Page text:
The hearing on Sexton’s resolution was very revealing.
Bo Mitchell, a Democrat and a self-professed Christian from District 50 (north and west of Nashville), raised a question about how Sexton reconciled his current resolution (HJR0150) with the disestablishment clause of the first amendment to the U.S. Constitution.
Sexton responded to Mitchell by saying that the Bible should be the official state book because Nashville publishes and sells a lot of Bibles. In other words, the “word of God” has had an economic benefit to the state of Tennessee, making it deserving of official status. He then dove into a David Bartonesque defense of America’s supposedly Christian founding, even going so far to say that the judicial branch comes directly from the book of Deuteronomy. As I listened to the debate over this resolution, it was clear that each side was operating with a completely different view of American history.
Next came Gloria Johnson, a Democrat representing Knoxville. She said “that there is a power higher than the Tennessee General Assembly and that’s who the Bible answers to, not politicians.”
Next-up was Tim Rudd, a Republican representative from Murfreesboro and a self-professed “student of history.” Rudd claimed that before Tennessee was a state the Bible was the only lawbook in the territory. He backed Sexton’s resolution, but gave no historical evidence to support the idea that the 18th-century Tennessee frontier was a theocracy. 🙂
After Rudd, Paul Sherrell of Sparta spoke. He began by praising Sexton for “standing up for God and standing up for His word.” He then quoted John 3:16 and said that anyone who doesn’t believe what Jesus says in this verse is going to hell. I have no idea how this related to Sexton’s bill, but I am sure Sherrell felt God was pleased with his short speech.
Next was Rusty Grills of Newbern. He affirmed Sexton’s belief that the United States was founded as a Christian nation because presidents often say “God bless America.” He quoted Psalm 138 and said something vague about his previous conversations with Sexton about “world views.”
Glenn Casada, a Republican from Franklin, also endorsed Sexton’s resolution. He said that the Bible should be welcomed as the state book of Tennessee much in the same way that Nathan Bedford Forrest should be welcomed as part of Tennessee’s heritage. It is hard to find a clearer and more direct example of the links between Christian nationalism and white supremacy. Casada, I should add, was a birther during the Obama era.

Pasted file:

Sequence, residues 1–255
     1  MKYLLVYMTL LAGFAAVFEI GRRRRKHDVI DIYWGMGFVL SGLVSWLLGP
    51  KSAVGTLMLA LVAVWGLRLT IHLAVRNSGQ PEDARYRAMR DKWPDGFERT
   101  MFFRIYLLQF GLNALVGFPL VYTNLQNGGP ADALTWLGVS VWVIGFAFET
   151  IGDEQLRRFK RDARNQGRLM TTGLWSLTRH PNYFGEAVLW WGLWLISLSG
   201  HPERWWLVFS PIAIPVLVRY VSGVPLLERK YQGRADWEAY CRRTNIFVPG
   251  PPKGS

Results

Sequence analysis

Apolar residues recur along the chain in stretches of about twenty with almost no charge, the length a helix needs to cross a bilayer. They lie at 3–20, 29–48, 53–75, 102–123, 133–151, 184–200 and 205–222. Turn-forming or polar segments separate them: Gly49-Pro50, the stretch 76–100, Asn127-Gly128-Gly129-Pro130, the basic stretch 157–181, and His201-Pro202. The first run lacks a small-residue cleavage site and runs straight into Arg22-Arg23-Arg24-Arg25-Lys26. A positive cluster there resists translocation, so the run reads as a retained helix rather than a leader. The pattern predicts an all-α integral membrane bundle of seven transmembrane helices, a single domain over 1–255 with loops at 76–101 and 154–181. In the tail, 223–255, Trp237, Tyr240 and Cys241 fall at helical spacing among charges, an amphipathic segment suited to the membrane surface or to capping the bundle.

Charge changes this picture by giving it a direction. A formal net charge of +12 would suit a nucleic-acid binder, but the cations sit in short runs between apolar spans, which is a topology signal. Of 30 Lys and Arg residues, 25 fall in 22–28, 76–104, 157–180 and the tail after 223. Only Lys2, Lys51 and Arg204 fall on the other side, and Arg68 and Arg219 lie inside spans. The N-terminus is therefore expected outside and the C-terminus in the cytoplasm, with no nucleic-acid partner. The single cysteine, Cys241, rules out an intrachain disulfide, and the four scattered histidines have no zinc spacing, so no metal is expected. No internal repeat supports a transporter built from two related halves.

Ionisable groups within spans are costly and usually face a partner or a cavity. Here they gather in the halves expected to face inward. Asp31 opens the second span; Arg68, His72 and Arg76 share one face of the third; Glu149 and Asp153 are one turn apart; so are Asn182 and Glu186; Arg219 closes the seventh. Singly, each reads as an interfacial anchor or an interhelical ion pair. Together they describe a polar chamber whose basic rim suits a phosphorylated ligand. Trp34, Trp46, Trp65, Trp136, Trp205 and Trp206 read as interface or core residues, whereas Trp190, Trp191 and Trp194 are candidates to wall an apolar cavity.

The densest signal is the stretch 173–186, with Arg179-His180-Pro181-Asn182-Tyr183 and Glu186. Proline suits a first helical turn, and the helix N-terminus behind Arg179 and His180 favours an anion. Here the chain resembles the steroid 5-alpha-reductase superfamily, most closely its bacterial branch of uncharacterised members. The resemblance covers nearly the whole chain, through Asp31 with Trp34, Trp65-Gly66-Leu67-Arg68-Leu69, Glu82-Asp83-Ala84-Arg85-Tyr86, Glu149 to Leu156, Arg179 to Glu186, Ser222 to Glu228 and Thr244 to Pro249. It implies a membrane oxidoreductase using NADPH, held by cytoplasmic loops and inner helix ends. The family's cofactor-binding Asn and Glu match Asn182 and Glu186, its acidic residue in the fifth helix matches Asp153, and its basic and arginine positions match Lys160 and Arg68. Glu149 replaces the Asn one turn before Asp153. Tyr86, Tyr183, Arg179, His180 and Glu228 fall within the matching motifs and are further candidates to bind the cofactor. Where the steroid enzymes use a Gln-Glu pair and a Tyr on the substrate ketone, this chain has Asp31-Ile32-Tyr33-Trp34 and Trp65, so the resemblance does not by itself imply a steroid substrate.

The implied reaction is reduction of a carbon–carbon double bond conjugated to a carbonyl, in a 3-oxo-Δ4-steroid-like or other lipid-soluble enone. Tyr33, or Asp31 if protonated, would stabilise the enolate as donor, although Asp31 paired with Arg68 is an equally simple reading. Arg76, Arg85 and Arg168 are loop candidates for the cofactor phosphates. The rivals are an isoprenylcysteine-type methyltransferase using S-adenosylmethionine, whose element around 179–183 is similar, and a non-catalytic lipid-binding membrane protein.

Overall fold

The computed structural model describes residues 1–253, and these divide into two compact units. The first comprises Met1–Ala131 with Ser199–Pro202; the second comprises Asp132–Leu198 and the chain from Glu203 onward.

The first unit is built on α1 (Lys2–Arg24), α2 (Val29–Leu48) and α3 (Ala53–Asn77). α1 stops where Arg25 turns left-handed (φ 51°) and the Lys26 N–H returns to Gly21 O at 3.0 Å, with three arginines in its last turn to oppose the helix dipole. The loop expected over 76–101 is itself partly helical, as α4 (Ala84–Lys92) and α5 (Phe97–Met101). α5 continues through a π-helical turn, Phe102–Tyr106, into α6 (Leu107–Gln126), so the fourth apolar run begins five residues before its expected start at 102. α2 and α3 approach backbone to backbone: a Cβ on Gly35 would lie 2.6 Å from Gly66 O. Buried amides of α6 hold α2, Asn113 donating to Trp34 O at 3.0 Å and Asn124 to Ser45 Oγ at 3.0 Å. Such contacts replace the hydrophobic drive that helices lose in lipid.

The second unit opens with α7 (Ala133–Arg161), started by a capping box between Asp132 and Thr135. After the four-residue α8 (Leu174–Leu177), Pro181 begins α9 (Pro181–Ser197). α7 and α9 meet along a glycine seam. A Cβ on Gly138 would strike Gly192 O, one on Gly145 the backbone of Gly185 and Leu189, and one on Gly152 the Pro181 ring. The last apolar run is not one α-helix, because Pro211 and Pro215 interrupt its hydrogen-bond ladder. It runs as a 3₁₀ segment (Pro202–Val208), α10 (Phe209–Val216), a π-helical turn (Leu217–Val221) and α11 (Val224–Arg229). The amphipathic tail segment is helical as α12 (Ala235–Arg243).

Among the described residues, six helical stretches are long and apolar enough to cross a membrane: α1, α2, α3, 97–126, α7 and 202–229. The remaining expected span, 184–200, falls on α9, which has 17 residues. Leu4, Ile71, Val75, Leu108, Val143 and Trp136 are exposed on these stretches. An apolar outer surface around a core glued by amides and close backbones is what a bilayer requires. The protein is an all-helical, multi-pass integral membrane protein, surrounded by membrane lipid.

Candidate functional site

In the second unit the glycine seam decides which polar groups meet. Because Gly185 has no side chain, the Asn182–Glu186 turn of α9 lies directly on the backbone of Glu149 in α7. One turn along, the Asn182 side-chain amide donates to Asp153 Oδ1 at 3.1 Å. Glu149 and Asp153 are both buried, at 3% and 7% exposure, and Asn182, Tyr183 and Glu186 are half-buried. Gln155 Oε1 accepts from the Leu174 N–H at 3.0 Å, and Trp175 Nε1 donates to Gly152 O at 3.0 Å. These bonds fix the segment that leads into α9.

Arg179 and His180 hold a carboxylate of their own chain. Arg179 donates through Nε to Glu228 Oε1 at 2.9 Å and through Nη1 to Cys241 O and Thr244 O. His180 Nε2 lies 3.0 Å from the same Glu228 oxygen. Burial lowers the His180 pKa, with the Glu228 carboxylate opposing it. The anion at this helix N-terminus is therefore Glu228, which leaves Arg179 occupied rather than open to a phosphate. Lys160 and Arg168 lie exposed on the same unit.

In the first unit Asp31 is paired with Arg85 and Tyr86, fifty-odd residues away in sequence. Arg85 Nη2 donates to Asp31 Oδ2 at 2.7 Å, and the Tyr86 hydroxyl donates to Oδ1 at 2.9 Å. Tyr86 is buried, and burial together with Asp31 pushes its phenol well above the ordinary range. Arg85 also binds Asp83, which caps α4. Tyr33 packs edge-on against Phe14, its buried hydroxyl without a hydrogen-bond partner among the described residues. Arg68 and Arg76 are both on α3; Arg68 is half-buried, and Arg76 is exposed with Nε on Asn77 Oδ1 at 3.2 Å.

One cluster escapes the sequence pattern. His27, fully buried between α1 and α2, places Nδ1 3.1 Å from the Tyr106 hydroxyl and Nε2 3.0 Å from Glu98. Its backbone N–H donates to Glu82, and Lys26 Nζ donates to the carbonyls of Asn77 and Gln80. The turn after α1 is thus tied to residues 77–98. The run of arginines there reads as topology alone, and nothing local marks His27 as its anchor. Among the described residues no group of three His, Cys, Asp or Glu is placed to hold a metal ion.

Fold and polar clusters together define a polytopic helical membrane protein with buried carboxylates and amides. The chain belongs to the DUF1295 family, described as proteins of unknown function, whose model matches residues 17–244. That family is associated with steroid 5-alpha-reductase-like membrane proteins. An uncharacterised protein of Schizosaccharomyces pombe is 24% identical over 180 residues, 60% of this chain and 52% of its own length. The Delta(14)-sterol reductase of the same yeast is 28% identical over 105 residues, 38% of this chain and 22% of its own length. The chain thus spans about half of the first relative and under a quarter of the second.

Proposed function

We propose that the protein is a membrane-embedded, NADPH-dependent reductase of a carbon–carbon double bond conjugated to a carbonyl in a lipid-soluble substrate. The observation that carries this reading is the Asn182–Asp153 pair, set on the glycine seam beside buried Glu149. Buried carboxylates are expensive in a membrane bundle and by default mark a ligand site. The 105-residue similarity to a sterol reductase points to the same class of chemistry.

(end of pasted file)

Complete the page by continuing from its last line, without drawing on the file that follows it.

The next speaker was Ron Travis, a Republican from Dayton. He voted no on the resolution. He referenced Proverbs 8 and said that “the Bible is the greatest book that has ever been written and there is no doubt about that in my heart.” But he added that the Bible “should be so far away from government… I just don’t believe government and religion should mix.” He voted no on the resolution.
Next up was Terri Lynn Weaver, a Republican from Lancaster. She started off with an out of context quote from founding father Benjamin Rush and then delved into the “America was founded as a Christian nation” narrative. She said that “we either honor the Bible or we don’t.” We should let our “yes be yes, and our no be no.” The rest of her speech seemed to suggest that endorsing Sexton’s resolution is a marker of one’s faith. She added that Tennessee should be a “shining light on a hill.”
Then Bo Mitchell returned to correct some of the bad history he was hearing from his fellow representatives. (He didn’t get things exactly right, but he was trying). He said that if he voted for Sexton’s resolution he would be “belittling” his religious beliefs because his God “does not fit” in “a Tennessee blue book.” Gloria Johnson, sitting next to Mitchell, gave a thumbs-up sign as her colleague spoke. Mitchell then chided Sexton and the other supporters of the resolution for their intolerance.
Sexton’s resolution passed the committee. Stay tuned.